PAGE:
3% of Pay-TV Subs Cut Cord

Elsewhere: AT&T sees backlash from bulky U-verse gear, Shaw loses subs, TerreStar auction canceled, Cox rolls out wireless in Mississippi

June 29, 2011

2 Min Read
3% of Pay-TV Subs Cut Cord

Here's a quick look at today's cable news.

  • Just 3 percent of U.S. pay-TV subscribers have cut the cord on cable or satellite, J.D. Power and Associates said. But its study found younger viewers are more likely to cancel subscriptions. About 6 percent of Generation Y (ages 17 to 34) customers are cord cutters, compared to 2 percent of Baby Boomers and 1 percent of customers ages 66 to 86. (See Survey: 7% of Pay-TV Subs Will Cut Cord.)

  • Shaw Communications Inc. lost 13,577 subscribers during the third quarter, but its profit jumped 28 percent to $203 million.

  • Those refrigerator-sized equipment pedestals that AT&T Inc. (NYSE: T) has placed in neighborhoods where it is rolling out U-verse TV have sparked a backlash from some customers in North Carolina.

  • The bankruptcy-court auction for TerreStar Corp. was canceled after the mobile satellite provider received a $1.375 billion bid from Dish Network LLC (Nasdaq: DISH). The court will review Dish's bid at a hearing next week. (See Dish Nears TerreStar Acquisition .)

  • Cox Communications Inc. will soon begin marketing wireless voice and data service in Topeka and Wichita, Kansas. (See Cox: We're Not Selling Our Spectrum.)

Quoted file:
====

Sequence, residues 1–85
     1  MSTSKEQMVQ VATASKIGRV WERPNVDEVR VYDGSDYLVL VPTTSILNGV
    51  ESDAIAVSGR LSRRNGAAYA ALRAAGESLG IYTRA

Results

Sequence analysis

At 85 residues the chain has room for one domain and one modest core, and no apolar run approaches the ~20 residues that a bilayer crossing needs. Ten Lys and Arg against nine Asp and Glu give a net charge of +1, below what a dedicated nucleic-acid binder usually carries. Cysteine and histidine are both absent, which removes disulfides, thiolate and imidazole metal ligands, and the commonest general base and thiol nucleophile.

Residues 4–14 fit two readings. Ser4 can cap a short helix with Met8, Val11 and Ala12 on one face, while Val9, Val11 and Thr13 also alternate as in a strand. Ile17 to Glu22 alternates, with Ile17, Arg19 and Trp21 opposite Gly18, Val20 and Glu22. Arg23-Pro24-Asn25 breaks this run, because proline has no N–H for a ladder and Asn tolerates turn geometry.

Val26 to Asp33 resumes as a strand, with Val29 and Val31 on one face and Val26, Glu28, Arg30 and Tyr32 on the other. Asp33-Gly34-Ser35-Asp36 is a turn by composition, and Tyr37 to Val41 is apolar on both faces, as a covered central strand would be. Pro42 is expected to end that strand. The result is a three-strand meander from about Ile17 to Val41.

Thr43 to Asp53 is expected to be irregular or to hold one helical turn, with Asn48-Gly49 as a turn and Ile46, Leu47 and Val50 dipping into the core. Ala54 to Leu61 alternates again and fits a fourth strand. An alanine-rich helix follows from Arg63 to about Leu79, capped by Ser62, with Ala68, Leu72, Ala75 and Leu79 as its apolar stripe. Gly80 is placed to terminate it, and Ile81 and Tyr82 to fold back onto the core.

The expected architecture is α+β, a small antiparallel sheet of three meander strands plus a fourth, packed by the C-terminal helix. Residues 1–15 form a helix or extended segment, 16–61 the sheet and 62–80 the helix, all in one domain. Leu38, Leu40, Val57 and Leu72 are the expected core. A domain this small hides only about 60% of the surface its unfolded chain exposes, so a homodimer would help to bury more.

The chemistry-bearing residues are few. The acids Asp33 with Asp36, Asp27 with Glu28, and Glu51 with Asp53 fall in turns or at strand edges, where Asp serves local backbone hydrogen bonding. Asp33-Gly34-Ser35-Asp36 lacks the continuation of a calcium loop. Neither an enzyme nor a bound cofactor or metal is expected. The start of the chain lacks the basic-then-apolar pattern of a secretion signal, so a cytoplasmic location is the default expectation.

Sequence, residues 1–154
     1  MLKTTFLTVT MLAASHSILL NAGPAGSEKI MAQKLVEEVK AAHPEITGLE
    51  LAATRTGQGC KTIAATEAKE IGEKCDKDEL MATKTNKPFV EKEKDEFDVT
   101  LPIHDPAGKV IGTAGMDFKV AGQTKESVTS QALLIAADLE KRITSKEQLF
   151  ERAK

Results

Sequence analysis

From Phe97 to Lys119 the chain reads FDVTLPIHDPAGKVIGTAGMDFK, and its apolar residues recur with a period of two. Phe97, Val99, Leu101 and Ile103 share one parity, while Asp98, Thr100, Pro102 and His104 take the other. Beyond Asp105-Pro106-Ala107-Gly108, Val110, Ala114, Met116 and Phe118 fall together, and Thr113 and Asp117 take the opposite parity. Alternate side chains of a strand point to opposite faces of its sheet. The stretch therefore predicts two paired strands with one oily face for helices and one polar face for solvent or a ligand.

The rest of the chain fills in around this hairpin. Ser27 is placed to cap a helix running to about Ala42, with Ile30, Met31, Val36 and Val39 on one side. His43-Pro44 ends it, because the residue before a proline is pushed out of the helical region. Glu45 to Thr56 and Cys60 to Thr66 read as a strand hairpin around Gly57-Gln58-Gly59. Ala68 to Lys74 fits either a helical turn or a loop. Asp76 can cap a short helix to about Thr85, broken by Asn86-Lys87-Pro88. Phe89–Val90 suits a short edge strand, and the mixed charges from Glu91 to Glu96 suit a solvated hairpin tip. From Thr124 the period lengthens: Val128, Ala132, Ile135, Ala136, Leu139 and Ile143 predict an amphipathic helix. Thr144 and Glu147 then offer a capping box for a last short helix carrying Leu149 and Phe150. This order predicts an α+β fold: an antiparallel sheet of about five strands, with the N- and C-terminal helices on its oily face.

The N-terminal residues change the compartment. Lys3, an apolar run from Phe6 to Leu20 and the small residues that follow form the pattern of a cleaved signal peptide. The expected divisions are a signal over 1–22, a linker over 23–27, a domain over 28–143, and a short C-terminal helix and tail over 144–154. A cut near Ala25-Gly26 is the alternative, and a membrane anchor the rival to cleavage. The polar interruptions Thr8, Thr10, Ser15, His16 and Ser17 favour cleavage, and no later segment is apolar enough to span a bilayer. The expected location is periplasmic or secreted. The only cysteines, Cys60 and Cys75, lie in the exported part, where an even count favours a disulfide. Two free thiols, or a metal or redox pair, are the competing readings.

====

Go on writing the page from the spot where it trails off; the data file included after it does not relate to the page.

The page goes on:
• Comcast Corp. (Nasdaq: CMCSA, CMCSK) is converting its Jackson, Miss., system to all-digital on July 13.

  • Time Warner Cable Inc. (NYSE: TWC) subscribers in Northeast Ohio and Western Pennsylvania can now use their remote controls to order Home Box Office Inc. (HBO) , Showtime Networks Inc. and other premium networks.

  • Cablevision Systems Corp. (NYSE: CVC) is set to spin off AMC, IFC, WeTV and Sundance Channel parent Rainbow Media into the newly named AMC Networks on Friday.

  • Cablevision added Poland's TVN24 and TVN International to its iO International lineup.

  • comScore Inc. says 47.5 percent of iPhone data traffic in May occurred on Wi-Fi networks, while just 21.7 percent of traffic from Android phones came from Wi-Fi networks.

    — Steve Donohue, Special to Light Reading Cable

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